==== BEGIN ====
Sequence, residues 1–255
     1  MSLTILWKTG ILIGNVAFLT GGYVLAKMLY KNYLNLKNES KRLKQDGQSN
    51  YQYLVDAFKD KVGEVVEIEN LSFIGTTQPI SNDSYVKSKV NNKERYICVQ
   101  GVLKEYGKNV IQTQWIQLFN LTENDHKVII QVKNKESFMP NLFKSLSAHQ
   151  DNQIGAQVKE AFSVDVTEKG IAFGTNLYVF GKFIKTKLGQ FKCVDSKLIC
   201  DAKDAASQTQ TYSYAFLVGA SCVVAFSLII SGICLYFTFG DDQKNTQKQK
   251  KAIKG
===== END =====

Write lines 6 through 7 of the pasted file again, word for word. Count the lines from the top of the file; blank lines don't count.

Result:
   201  DAKDAASQTQ TYSYAFLVGA SCVVAFSLII SGICLYFTFG DDQKNTQKQK
   251  KAIKG